HPKI

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PREVIEW
• Overview of strategic management
• Organizational health
• Practices of High Performing Knowledge
Institutions (HPKI)
• Innovations in Organization
• Redefining
– Identity
– Roles
– Systems and structures
• Action plan for repositioning
STRATEGY
Large scale future oriented plans for
interacting with the environment to
optimize organizational objectives
STRATEGIC MANAGEMENT
• A set of decisions and actions resulting in
formulation and implementation of
strategies designed to achieve the
objectives of the organization
ECRITICAL AREAS
OF
STRATEGIC MANAGEMENT
• Determine the mission of the organization, its purpose,
philosophy and goals.
• Profile the organization, reflecting internal conditions
and capabilities.
• Assess individual components of external
environment.
• Identify options for actions on the basis of:
– Organizational goals
– Internal Factors
• Strengths
• Weaknesses
– External factors
• Opportunities
• Threats
• Evaluate a strategic choice of:
– Performance objectives (long term)
– Broad action areas
– Broad implementation strategy
• Formulate annual objectives and short term
strategies compatible with strategic choice
• Implementation of plans based on:
– Resources and their allocation
– Matching of tasks, people, structures, technologies and
reward systems.
• Review and evaluate success of the process and
quantum of output
BENEFITS
OF
STRATEGIC MANAGEMENT
• Enhance problem prevention capabilities
– Encourage involvement of relevant functionaries
– Ownership of plans by the implementers
• Group based decision most likely to reflect best available
option
– Alternative generation facilitated by the group
– Group members offering better forecast being closer to action
centers
• Improvement in employee motivation
– Better understanding of priorities because of involvement
– Appreciation of productivity reward relationship
• Gaps and overlaps among individuals/group activities
reduced
– Clarification of roles
– Understanding of delineation of responsibilities
• Decrease in resistance to change
LIMITATIONS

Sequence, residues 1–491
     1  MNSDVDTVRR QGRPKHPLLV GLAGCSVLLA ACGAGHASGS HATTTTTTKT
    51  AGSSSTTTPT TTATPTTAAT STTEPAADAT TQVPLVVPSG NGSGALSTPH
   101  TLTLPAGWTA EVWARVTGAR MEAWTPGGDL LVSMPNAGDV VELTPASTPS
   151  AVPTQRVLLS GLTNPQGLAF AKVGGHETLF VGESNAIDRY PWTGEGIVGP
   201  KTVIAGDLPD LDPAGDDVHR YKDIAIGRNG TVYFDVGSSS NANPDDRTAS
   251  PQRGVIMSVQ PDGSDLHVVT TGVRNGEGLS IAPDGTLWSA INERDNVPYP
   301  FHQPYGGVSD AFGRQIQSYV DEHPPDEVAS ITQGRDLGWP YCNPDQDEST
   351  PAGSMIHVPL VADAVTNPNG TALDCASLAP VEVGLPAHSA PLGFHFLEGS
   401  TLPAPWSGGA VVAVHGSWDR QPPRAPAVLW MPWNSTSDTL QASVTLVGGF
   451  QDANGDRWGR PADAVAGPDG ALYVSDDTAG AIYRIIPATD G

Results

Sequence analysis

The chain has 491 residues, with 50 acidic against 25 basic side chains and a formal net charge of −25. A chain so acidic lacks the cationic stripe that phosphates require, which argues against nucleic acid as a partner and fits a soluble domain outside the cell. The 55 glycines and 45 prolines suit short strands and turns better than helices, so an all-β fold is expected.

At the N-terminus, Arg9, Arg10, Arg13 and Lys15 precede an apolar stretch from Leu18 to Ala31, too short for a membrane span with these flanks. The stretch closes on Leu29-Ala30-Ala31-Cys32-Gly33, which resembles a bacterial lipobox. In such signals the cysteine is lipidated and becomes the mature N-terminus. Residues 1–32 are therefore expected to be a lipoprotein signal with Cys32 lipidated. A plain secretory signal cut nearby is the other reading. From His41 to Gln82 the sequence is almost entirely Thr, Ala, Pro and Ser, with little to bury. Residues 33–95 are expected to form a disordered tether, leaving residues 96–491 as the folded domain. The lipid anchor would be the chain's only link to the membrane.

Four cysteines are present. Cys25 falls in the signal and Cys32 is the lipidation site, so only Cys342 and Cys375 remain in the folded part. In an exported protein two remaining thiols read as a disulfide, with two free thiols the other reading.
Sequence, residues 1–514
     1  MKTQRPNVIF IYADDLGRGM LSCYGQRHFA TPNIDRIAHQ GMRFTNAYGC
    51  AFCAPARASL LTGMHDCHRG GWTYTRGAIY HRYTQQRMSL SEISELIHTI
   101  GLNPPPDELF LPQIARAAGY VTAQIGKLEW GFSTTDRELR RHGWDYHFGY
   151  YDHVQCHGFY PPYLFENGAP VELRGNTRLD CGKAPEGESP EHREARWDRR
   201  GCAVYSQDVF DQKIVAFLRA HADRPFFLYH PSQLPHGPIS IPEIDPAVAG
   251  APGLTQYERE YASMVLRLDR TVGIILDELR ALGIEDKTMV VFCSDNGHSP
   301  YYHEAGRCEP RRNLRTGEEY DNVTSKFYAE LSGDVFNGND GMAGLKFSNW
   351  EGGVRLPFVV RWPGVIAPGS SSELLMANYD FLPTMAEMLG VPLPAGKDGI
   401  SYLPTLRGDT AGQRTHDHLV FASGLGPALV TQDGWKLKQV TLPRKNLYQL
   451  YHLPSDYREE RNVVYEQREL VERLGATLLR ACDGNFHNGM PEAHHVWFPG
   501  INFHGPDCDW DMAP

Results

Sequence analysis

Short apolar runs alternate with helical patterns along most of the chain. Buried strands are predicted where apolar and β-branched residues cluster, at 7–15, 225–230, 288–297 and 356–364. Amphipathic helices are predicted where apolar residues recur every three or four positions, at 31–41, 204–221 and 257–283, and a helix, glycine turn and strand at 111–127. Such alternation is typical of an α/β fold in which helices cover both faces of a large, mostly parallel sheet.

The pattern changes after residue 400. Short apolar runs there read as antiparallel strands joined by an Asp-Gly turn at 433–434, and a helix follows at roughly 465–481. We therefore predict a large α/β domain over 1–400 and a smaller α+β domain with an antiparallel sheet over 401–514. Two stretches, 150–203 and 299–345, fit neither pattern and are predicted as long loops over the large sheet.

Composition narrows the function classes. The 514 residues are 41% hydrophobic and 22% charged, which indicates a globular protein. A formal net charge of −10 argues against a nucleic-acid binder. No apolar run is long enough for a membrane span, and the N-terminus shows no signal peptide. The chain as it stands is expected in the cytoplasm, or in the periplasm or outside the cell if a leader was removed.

OF
STRATEGIC
MANAGEMENT PROCESS
• Costly process. Lot of time involved
• Shirking of responsibilities. (If those
involved in strategic management
planning are not responsible for
implementation
• Key persons to be trained to respond
to unattained expectations of faculty
ORGANIZATIONAL HEALTH
Organizational health is a fairly
durable set of system properties that
tend to transcend short term effectiveness
DIMENSIONS
OF
ORGANIZATIONAL
HEALTH
• GOAL FOCUS
– Clear to all and accepted
– Achievable with existing/available resources
– Appropriate to demands of environment
• COMMUNICATION ADEQUACY
–
–
–
–
Distortion free
Effective with the environment
Proper sensing of strains and constraints
Access to information with minimum efforts
• OPTIMAL POWER EQUILIBRIUM
– Relatively equitable distribution of influence
– Collaboration rather than coercion
– Teams/individuals see interdependent relationships
• RESOURCE UTILIZATION
– Inputs, specially personnel are used effectively
• COHESIVENESS
– Identity known
– Vision shared
– Members want to stay, influence and be influenced
• MORALE
– Individual sentiments centering around a feeling of
belonging
• INNOVATIVENESS
– New procedures, goals, products, diversification
– Grow, develop, change rather than being in a routine
• AUTONOMY
– Independence from environment
– Treating other’s response as a determining factor of
our own behavior
– Not being passive to demands of environment
• ADAPTATION
– Be in effective contact with the environment
– Evolve a restructuring approach to cater for change
• PROBLEM SOLVING ADEQUACY
– Structures procedures for sensing problems
– Generating options and implementing solutions
– Coping process more important than problems
FACTORS INFLUENCING
ORGANIZATIONAL CAPACITY
•
•
•
•
COMPETENCY
MATERIAL RESOURCES
RELATIONSHIPS
LEARNING
• LEAD TO THE ABILITY TO PERCEIVE
CHANGES AND ADAPT
MOVING THE ORGANIZATION
TOWARDS
GREATER MATURITY
• CRISIS
– Not an emergency situation
– Results from a constellation of forces which
constantly influence an organization
• DILEMMA
– Crisis leads to dilemma
– It is not a problem to be solved once and for all
• STAGES OF CRISIS
–
–
–
–
–
Birth
Identity
Growth
Maturity
Development
CRISIS IN THE LIFE
OF
AN ORGANIZATION
• BIRTH